Real Exchange Rate and U.S. Manufacturing Profits: Theoretical Framework with Some Empirical Support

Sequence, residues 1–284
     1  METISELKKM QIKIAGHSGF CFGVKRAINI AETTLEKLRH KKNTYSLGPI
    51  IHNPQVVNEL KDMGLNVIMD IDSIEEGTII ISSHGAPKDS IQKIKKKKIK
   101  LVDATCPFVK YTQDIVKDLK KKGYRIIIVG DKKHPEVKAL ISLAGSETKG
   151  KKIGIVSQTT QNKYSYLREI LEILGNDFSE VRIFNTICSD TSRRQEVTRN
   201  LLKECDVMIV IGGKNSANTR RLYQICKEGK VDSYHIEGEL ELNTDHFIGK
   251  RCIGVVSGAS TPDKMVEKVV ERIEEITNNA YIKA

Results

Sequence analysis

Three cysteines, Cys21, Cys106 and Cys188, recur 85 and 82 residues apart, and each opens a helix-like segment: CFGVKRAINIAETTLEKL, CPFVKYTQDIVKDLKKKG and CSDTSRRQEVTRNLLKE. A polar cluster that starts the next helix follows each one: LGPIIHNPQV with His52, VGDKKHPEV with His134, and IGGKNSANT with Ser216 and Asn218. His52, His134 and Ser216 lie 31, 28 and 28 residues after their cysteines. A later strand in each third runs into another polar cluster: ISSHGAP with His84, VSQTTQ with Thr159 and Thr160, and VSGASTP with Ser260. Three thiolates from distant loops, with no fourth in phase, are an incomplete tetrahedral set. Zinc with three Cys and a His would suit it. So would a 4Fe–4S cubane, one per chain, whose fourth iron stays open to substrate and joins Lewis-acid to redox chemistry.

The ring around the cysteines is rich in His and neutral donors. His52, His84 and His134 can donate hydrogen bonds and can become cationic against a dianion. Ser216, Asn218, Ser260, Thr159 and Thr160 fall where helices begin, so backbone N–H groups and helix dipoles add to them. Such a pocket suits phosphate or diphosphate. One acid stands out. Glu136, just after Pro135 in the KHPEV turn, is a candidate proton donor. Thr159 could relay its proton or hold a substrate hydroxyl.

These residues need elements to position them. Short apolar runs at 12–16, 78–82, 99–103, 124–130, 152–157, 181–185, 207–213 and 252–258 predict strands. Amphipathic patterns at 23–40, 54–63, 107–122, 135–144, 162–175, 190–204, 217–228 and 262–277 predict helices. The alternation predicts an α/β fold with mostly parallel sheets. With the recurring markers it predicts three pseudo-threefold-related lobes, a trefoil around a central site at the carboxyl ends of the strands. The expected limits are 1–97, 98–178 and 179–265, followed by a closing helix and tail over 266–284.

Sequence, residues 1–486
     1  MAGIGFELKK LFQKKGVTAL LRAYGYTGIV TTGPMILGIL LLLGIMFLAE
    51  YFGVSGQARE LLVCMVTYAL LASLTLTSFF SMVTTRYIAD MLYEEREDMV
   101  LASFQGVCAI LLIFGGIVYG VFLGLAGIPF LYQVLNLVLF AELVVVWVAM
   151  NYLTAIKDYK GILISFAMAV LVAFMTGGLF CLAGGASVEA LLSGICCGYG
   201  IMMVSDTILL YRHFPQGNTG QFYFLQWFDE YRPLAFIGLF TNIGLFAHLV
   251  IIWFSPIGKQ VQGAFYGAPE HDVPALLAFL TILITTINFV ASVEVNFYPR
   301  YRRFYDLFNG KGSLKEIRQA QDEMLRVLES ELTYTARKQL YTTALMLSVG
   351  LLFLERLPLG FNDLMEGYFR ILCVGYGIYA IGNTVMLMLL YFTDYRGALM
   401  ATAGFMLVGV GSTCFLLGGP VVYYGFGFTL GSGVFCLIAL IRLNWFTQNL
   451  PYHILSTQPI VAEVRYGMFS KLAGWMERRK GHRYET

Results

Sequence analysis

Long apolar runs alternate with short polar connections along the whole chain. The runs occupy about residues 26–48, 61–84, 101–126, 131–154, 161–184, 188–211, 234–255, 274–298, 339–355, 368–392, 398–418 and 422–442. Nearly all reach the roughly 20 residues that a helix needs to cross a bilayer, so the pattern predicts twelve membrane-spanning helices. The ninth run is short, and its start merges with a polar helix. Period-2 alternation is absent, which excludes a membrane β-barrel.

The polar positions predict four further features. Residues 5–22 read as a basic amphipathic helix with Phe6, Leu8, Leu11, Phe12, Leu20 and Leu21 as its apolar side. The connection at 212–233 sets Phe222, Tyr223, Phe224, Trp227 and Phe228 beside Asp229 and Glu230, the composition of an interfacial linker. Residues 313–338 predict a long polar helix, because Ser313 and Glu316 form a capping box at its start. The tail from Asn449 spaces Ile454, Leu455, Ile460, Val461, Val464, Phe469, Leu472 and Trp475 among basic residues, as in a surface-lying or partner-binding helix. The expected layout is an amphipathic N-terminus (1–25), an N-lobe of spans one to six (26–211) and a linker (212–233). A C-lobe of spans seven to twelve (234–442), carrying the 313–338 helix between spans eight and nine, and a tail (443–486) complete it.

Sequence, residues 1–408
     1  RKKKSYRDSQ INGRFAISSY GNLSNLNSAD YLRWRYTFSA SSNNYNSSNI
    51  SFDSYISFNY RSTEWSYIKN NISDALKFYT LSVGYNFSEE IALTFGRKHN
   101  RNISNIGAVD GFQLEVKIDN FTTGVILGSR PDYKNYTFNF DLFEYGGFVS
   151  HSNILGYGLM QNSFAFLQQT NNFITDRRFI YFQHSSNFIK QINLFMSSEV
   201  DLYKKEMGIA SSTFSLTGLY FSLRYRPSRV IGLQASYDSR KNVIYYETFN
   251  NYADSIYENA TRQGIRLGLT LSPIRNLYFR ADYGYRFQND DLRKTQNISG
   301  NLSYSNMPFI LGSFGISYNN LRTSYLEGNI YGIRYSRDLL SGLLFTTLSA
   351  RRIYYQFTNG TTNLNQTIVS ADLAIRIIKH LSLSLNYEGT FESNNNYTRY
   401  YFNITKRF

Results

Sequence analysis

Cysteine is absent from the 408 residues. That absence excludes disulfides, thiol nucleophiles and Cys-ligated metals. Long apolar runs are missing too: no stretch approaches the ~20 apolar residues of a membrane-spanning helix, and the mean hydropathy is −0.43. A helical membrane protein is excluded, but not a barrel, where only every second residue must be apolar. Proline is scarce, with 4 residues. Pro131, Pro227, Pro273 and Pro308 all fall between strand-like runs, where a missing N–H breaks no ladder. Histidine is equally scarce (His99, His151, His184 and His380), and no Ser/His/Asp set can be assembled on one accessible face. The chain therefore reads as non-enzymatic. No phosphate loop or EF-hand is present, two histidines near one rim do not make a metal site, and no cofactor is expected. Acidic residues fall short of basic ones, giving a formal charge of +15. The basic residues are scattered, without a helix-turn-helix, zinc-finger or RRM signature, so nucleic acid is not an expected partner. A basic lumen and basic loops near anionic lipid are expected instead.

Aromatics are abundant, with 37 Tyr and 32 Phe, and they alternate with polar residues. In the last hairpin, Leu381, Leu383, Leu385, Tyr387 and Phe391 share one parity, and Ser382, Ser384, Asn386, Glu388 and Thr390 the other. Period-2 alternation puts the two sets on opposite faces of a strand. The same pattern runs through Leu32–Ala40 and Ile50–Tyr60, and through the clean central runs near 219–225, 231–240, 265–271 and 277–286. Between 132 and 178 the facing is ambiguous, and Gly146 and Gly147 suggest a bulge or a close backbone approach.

This paper investigates the relationship between manufacturing profits and the real exchange rate. Using Marston's (1990) model of pricing-to-market, we identify two channels, a valuation channel and volume channel, through which changes in the real exchange rate can shift the profits of a price-setting exporter. Employing the econometric approach developed Johansen (1990; 1991), we estimate a dynamic vector error correction model on quarterly data for real US manufacturing profits and five variables that theory suggests should be useful in accounting for the behavior of real profits in an open economy: domestically sold outpput, the real exchange rate, real unit costs, the relative price of domestically sold output, and real foreign income. Finding evidence of cointegration, we estimate via maximum likelihood the single cointegrating relationship that is defined by the conditional probability distribution of real manufacturing profits implied by the VECM. We test, and confirm, that both real profits and the real exchange rate are elements of this cointegrating vector, and interpret this cointegrating relationship as a long-run open economy profits equation. Our estimates imply that, holding constant domestic sales, real unit costs, the relative price of domestic output, and real foreign income, the long-run elasticity of real profits with respect to the real exchange rate exceeds 0.80.
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